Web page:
28
Mar

0

The Voluntary Principles on Security and Human Rights: Interactions between Companies and Public Security

Although governments have the primary role of maintaining law and order, security and respect for human rights, Companies have an interest in ensuring that actions taken by governments, particularly the actions of public security providers, are consistent with the protection and promotion of human rights. In cases where there is a need to supplement security provided by host governments, Companies may be required or expected to contribute to, or otherwise reimburse, the costs of protecting Company facilities and personnel borne by public security. While public is expected to act in a manner consistent with local and national laws as well as with human rights standards and international humanitarian law, within this context abuses may nevertheless occur.

In an effort to reduce the risk of such abuses and to promote respect for human rights generally, we have identified the following voluntary principles to guide relationships between Companies and public security regarding security provided to Companies:

Security Arrangements

  • Companies should consult regularly with host governments and local communities about the impact of their security arrangements on those communities.
  • Companies should communicate their policies regarding ethical conduct and human rights to public service providers, and express their desire that security be provided in a manner consistent with those policies by personnel with adequate and effective training.

 

  • Companies should encourage host governments to permit making security arrangements transparent and accessible to the public, subject to any overriding safety and security concerns.

 

Deployment and Conduct

  • The primary role of public security should be to maintain the rule of law, including safeguarding human rights and deterring acts that threaten Company personnel and facilities. The type and number of public security forces deployed should be competent, appropriate and proportional to the threat.

 

  • Equipment imports and exports should comply with all the applicable laws and regulations. Companies that provide equipment to public security should take all appropriate and lawful measures to mitigate any foreseeable negative consequences, including human rights abuses and violations of international humanitarian law.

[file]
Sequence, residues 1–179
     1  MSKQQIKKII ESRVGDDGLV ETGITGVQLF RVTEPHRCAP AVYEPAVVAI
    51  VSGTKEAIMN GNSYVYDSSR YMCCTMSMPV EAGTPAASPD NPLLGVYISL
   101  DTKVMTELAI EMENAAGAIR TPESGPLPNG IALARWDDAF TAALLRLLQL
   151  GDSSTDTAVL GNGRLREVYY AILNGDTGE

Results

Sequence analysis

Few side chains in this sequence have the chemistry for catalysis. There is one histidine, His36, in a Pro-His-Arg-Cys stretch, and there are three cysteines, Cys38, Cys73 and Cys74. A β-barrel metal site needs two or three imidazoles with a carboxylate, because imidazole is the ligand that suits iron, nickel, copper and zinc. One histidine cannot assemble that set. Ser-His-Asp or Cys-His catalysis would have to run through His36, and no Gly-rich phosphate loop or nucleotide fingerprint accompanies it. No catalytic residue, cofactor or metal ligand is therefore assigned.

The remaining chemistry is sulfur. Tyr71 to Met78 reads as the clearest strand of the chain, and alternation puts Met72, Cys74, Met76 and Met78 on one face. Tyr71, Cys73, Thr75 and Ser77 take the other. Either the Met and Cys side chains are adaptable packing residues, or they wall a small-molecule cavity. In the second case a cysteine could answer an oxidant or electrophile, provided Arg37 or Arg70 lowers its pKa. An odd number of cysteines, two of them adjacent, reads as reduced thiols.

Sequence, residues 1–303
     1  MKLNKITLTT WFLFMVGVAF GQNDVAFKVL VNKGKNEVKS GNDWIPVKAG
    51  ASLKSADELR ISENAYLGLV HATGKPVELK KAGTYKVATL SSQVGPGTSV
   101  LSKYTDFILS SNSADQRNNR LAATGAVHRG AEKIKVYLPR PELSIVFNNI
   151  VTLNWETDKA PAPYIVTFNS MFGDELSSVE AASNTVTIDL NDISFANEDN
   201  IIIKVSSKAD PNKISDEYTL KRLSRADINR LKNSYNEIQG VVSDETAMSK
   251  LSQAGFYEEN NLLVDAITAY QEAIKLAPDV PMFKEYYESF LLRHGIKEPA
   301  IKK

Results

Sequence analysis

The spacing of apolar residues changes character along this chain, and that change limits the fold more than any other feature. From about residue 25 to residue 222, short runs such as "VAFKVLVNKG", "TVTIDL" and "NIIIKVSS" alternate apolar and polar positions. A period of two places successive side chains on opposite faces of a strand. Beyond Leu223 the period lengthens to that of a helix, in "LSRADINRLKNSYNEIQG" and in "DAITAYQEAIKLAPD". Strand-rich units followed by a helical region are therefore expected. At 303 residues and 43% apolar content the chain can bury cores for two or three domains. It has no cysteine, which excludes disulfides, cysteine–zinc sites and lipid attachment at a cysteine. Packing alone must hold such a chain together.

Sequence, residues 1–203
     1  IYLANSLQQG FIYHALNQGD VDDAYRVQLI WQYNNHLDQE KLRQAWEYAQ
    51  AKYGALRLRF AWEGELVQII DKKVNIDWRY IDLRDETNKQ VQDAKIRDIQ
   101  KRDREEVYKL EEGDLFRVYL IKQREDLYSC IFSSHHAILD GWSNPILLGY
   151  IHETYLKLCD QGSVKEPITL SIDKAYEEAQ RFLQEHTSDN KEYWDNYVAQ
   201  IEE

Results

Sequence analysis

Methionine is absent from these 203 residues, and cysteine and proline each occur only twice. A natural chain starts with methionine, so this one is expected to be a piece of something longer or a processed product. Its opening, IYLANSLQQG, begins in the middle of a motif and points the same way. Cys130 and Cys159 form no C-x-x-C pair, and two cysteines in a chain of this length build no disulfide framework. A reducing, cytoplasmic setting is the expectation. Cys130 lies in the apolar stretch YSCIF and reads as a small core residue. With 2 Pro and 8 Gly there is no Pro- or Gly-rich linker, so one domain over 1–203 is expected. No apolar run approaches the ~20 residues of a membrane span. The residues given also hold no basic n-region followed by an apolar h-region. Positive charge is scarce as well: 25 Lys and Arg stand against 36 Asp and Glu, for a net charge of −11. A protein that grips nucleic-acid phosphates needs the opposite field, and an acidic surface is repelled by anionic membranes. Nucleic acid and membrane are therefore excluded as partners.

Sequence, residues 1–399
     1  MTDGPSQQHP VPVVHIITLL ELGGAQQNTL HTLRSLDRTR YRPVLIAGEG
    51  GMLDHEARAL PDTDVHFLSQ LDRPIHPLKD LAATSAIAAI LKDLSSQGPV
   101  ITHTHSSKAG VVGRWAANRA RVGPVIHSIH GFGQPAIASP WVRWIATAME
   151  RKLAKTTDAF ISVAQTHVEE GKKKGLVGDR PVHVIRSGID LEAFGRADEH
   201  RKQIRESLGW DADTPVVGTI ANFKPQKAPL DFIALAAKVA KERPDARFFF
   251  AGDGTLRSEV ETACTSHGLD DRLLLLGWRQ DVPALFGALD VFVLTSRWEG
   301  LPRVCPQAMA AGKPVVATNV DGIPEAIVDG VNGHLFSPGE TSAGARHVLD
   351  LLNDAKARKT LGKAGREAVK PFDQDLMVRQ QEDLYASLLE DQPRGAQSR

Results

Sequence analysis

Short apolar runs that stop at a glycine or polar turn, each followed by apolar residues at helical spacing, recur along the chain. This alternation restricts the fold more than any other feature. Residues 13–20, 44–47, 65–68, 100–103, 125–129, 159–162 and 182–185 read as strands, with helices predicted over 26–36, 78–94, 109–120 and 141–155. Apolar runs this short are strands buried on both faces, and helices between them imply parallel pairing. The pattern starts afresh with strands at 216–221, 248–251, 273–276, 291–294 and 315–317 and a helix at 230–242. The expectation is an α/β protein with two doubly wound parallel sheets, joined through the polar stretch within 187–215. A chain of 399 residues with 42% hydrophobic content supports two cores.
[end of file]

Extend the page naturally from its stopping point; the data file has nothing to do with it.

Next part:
• Companies should use their influence to promote the following principles with public security: (a) individuals credibly implicates in human rights abuses should not provide security services for Companies; (b) force should be used only when strictly necessary and to an extent proportional to the threat; and (c) the rights of individuals should not be violated while exercising the right to exercise freedom of association and peaceful assembly, the right to engage in recognized bargaining, or other related rights of Company employees as recognized by the Universal declaration of Human Rights and the ILO Declaration on Fundamental Principles and Rights at Work.

 

  • In cases where physical force is used by public security, such incidents should be reported to the appropriate authorities and the Company. Where force is used, medical aid should be provided to injured persons, including to offenders.

 

Consultation and Advice

  • Companies should hold structured meeting with public security on a regular basis to discuss security, human rights and related workplace safety issues. Companies should also consult regularly with other Companies, host and home governments, and civil society to discuss security and human rights. Where Companies operating in the same region have common concerns, they should consider collectively raising those concerns with the host and home governments.

 

  • In their consultations with the host governments, Companies should take all appropriate measures to promote observance of applicable international law enforcement principles, particularly those reflected in the UN Code of Conduct for Law Enforcement Officials and the UN Basic Principles on the Use of Force and Firearms.

 

  • Companies should support efforts by governments, civil society and multilateral institutions to provide human rights training and education for public security as well as their efforts to strengthen state institutions to ensure accountability and respect human rights.

 

Responses to Human Rights Abuses

  • Companies should record and report any credible allegations of human rights abuses by public security in their areas of operation to appropriate host government authorities. Where appropriate, Companies should urge investigation and that action be taken to prevent any recurrence.

 

  • Companies should actively monitor the status of investigations and press for their proper resolution.

 

  • Companies should, to the extent reasonable, monitor the use of equipment provided by the company and to investigate properly situations in which such equipment is used in an inappropriate manner.

 

Every effort should be made to ensure that information used as the basis for allegations of human rights abuses is credible and based on reliable evidence. The security and safety of sources should be protected. Additional or more accurate information that may alter previous allegations should be made available as appropriate to concerned parties.